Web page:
Day 13 – Coimbra

I found out quickly that Coimbra is an easy city to enjoy.  It is small and manageable, plus the people are friendly and helpful. My main objective was to visit Coimbra University, the oldest and most prestigious university in Portugal.  On the way I found a hidden geometric treasure. On the map it was merely labeled as a fountain. Since I’m a fan of fountains, I made sure I walked by.  The structure was small, hidden between other buildings. I instantly knew this would be perfect for the students to work with during the 3-D unit.  It had pure forms of cylinders, prisms and cones, lovely for surface area formulas.  Plus with the fountains in the middle and along the sides it would be great for calculating volume. Don and I spent a long time in this area taking measurements, videos and photos. Another great find that I stumbled upon!

We then hiked up a very large hill to search for the university. We first found an enormous cathedral with a constant flow of brides and grooms.  We continued on to look for a view of the city but instead found a museum that looked interesting. It was a two story structure the Roman’s had built in this extremely steep area to provide a flat area for a meeting place.  It was really amazing to walk through it and imagine how it had been used so long ago.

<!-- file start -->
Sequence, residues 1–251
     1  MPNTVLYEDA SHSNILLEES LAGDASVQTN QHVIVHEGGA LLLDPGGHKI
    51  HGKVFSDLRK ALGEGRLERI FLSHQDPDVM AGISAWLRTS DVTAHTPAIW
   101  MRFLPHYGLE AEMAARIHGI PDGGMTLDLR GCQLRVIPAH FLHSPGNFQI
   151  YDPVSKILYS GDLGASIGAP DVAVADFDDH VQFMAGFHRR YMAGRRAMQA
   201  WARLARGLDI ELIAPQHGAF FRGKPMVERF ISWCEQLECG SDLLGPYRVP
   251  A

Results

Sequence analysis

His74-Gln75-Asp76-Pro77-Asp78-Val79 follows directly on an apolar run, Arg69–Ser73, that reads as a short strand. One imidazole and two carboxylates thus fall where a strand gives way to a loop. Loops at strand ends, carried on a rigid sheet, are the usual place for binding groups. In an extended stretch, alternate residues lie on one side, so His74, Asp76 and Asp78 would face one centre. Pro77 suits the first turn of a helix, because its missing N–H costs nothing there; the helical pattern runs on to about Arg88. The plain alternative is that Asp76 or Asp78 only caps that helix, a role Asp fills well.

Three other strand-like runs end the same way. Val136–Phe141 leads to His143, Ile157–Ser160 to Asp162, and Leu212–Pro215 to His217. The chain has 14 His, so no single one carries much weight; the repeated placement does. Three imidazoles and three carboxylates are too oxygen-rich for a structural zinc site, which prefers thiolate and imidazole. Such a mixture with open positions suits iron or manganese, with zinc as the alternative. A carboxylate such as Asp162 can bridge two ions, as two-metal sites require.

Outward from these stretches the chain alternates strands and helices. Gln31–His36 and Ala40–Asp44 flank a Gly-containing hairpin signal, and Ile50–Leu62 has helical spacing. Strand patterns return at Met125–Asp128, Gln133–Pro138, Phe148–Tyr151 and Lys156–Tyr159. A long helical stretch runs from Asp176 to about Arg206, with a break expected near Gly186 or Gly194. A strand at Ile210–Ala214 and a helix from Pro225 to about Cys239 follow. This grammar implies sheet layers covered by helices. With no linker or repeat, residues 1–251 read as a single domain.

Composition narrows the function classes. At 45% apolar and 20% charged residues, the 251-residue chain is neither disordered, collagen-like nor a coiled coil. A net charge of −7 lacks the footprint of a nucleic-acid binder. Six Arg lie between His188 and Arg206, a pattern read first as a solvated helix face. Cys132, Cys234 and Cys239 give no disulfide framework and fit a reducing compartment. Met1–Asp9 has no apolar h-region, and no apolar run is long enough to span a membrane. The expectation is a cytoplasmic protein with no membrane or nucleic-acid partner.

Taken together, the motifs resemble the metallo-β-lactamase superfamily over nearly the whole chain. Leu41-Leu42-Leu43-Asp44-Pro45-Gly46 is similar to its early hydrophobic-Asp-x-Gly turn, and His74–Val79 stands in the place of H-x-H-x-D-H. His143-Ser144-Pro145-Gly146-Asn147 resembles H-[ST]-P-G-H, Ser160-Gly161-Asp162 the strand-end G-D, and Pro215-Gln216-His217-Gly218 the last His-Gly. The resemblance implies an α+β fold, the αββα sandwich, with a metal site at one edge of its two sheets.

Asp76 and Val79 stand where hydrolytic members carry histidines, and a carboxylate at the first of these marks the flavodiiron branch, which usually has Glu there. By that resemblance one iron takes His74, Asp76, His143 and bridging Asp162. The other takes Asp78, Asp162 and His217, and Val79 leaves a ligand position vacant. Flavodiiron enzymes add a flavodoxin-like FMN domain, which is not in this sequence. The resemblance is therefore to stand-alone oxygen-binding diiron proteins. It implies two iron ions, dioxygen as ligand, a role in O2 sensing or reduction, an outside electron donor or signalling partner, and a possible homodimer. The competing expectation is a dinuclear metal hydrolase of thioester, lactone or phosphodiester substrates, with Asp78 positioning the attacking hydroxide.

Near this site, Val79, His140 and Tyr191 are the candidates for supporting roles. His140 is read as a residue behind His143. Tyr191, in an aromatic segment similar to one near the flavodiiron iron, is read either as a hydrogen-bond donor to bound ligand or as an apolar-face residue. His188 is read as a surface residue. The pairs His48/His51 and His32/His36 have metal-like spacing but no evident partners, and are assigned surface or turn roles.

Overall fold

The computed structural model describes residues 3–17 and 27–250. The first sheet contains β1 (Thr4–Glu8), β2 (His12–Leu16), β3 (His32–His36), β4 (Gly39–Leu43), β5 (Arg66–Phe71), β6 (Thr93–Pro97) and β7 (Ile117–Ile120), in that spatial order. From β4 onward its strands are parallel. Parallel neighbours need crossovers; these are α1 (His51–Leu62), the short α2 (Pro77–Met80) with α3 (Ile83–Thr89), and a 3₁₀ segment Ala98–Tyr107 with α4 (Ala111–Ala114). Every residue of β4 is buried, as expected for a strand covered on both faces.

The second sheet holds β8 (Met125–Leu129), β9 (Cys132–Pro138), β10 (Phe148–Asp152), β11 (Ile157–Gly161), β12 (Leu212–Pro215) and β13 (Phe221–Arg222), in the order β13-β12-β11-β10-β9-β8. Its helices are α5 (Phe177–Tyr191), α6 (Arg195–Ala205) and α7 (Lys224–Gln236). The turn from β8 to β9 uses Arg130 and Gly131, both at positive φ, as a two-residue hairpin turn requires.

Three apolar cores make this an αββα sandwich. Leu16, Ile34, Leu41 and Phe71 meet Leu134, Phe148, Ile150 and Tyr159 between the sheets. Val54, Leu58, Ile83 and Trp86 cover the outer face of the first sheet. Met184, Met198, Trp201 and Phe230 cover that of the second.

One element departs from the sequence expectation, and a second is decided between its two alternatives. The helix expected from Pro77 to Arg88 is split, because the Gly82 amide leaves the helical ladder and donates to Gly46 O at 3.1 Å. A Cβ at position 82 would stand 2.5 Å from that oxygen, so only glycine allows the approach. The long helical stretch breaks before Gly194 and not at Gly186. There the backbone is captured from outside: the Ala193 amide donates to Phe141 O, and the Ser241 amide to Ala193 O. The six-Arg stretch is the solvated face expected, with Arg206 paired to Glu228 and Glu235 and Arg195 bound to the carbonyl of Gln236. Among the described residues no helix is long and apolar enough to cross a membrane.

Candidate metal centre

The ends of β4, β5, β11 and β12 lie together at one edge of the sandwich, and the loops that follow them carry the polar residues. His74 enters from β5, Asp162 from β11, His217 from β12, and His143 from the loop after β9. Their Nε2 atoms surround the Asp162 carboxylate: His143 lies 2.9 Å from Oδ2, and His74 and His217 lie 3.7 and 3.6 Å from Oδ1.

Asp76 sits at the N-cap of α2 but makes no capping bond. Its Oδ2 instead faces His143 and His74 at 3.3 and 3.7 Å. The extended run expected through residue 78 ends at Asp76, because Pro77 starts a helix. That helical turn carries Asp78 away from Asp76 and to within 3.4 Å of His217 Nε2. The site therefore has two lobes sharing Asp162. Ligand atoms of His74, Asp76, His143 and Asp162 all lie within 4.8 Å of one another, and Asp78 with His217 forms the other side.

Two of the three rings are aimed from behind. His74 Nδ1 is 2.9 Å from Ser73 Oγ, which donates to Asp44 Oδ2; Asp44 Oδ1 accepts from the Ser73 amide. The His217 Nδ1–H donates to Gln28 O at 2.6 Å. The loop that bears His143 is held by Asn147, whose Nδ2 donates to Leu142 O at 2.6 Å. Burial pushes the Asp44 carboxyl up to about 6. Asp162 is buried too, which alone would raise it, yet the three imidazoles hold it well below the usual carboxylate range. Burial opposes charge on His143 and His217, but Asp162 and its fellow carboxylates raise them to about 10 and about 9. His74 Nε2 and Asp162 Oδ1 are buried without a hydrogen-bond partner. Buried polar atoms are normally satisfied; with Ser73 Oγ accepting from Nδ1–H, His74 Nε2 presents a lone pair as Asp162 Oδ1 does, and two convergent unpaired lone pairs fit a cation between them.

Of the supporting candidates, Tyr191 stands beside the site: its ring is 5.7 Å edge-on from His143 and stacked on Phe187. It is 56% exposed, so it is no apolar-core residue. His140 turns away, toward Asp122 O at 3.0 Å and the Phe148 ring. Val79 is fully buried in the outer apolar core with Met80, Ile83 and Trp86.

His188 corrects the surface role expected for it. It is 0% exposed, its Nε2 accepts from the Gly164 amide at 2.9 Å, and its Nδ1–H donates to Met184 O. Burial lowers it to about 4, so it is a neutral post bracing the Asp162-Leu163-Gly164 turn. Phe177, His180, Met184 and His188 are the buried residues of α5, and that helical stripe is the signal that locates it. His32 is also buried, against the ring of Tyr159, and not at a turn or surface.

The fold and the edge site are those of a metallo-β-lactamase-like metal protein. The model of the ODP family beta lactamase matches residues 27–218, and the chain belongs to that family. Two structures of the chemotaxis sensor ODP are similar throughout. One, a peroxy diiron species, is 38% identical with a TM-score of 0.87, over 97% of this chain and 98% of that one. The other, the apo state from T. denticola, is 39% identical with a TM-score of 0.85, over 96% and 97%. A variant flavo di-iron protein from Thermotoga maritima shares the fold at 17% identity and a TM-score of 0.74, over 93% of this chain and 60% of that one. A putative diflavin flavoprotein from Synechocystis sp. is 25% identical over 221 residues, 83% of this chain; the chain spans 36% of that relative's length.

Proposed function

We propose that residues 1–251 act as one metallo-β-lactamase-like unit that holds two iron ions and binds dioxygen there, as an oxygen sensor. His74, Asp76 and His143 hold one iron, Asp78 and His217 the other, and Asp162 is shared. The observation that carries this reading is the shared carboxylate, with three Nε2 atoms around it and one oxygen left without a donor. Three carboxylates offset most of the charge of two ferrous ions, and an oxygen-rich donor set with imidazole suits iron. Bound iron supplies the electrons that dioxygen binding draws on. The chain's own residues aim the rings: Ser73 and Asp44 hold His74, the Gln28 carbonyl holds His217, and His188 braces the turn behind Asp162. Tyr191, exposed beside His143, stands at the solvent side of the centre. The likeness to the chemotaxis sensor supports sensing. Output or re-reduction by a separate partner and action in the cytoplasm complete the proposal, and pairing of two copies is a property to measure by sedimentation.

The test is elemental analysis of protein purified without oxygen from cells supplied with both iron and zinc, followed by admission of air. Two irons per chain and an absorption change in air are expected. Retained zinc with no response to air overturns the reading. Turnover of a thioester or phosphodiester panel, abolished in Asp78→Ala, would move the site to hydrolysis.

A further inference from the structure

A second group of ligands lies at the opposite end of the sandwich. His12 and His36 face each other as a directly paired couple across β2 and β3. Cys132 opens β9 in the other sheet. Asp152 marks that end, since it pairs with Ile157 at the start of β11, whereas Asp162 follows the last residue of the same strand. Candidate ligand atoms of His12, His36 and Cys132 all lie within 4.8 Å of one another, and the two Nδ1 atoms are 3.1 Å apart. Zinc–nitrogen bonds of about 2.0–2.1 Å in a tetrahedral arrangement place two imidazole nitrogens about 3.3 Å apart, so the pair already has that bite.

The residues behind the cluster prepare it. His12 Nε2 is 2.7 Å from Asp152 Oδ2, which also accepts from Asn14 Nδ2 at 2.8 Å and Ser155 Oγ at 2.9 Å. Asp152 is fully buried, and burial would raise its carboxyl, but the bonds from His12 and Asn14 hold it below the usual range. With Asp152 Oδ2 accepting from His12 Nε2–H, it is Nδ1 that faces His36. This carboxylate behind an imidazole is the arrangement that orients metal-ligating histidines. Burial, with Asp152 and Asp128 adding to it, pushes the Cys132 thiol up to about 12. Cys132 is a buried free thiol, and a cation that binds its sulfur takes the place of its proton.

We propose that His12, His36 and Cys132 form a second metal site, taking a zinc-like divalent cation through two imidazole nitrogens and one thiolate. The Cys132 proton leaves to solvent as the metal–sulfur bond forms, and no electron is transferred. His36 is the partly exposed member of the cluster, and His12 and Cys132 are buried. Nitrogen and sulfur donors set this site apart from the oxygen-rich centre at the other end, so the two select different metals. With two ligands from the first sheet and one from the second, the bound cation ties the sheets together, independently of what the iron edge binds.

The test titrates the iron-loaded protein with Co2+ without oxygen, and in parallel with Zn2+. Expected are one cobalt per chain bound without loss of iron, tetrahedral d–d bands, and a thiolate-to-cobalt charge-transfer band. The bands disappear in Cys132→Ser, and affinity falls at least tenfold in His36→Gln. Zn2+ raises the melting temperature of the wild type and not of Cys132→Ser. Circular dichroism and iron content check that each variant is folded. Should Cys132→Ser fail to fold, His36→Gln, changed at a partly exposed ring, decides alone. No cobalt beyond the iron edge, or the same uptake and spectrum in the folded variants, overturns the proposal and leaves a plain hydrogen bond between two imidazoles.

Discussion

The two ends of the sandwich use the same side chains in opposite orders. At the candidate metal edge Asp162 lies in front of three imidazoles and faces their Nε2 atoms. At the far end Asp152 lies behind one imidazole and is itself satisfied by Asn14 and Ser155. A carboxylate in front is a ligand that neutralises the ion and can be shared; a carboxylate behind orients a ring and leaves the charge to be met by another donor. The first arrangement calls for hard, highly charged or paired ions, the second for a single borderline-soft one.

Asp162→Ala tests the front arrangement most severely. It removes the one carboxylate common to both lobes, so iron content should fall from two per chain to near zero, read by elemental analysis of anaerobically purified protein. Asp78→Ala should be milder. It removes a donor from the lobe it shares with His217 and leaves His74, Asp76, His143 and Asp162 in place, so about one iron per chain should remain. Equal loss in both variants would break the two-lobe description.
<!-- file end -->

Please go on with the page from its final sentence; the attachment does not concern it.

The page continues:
From here we finally made it to the Coimbra University, the oldest and most prestigious in Portugal.  We toured the chapel, library, and other meeting rooms.  I was especially impressed by the library.  It was beautifully decorated and the books were so old!  They only open the doors every 10 minutes, which keeps the humidity level low and protects the aging books.

After a hike back down to the rest of the town and eating a local specialty for lunch, goat stew (yum!), it was time for a break.  Later that evening we went out to see a Fado performance. Fado is the traditional music of Portugal. As our singer that night put it, ‘Fado is sad music, sung by happy people.’ It usually consists of a few string instruments including the Portuguese guitar, and one or two singers.  We lucked out because our singer not only had an amazing voice, but he also explained the style of music and meaning of each song.  He sat with us during the intermission and we chatted for quite a while.  He talked about his love for Portugal and his deep sadness about their economic difficulties.  He was so warm and open, a joy to talk to.

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